Worker Faces 3 Years for Peeing on Kellogg’s Conveyor

The video was posted two years after the incident, so the products likely made it onto the shelves.

A 49-year-old former worker at a Kellogg's food manufacturing facility in Memphis, Tennessee faces up to three years in prison after he urinated on a conveyor belt carrying cereal.

Gregory Stanton worked for the plant in 2014 and two years later, he posted a video online of him in the act. The incident affected three popular brands: Rice Krispies Treats, Rice Krispies Cereal and Puffed Rice Cakes. Since the video was posted two years after the incident, the affected product likely made it onto the shelves.

The video triggered an investigation that included the Food & Drug Administration and local law enforcement.

Last week, Stanton pleaded guilty to tampering with consumer products after being indicted in September. He is set to be sentenced on February 28, 2019, and he faces up to three years imprisonment; three years supervised release and a $250,000 fine.

Stanton hasn’t said why he peed on the conveyor belt, but multiple reports state that the company was amidst a labor dispute with the union at the time.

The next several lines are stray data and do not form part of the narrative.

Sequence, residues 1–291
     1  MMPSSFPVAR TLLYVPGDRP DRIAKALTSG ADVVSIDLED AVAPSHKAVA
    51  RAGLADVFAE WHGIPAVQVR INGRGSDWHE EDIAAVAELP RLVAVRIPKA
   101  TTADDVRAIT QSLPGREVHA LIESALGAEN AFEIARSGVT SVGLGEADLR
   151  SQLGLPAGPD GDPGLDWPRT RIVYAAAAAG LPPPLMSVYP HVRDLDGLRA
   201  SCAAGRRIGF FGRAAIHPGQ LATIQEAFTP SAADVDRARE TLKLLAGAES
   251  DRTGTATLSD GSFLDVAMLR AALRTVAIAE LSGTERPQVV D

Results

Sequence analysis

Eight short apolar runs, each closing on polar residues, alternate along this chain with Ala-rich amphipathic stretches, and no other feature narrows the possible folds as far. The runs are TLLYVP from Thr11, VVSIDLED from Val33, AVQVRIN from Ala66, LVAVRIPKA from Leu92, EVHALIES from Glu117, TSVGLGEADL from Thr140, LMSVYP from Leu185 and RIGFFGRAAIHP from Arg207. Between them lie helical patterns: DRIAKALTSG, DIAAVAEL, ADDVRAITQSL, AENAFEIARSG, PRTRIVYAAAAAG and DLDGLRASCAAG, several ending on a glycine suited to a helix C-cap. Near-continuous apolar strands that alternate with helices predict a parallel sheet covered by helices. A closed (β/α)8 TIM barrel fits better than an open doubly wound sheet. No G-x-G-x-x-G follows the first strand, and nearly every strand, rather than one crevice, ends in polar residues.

I reached out to Kellogg's and the company provided the following statement, "It has been more than two years since this incident came to our attention, and we are pleased that the responsible individual was brought to justice. We want to thank the Food & Drug Administration and US Attorneys’ office for their commitment to this case."

In a press release, U.S. Attorney D. Michael Dunavant says, "American citizens and consumers rely upon food manufacturers engaged in interstate commerce to provide them with safe and consistent products. Unfortunately, this defendant betrayed that trust by tampering with and tainting food products."

Robert M. Hiser, Acting Special Agent in Charge, FDA Office of Criminal Investigations’ Miami Field Office says, "Maintaining the safety and wholesomeness of the U.S. food supply is a critical priority for the FDA … Today’s announcement should serve as a clear reminder that the FDA will not tolerate illicit tampering activity in our nation’s food supply."

Stanton is facing three years, keep it your pants people.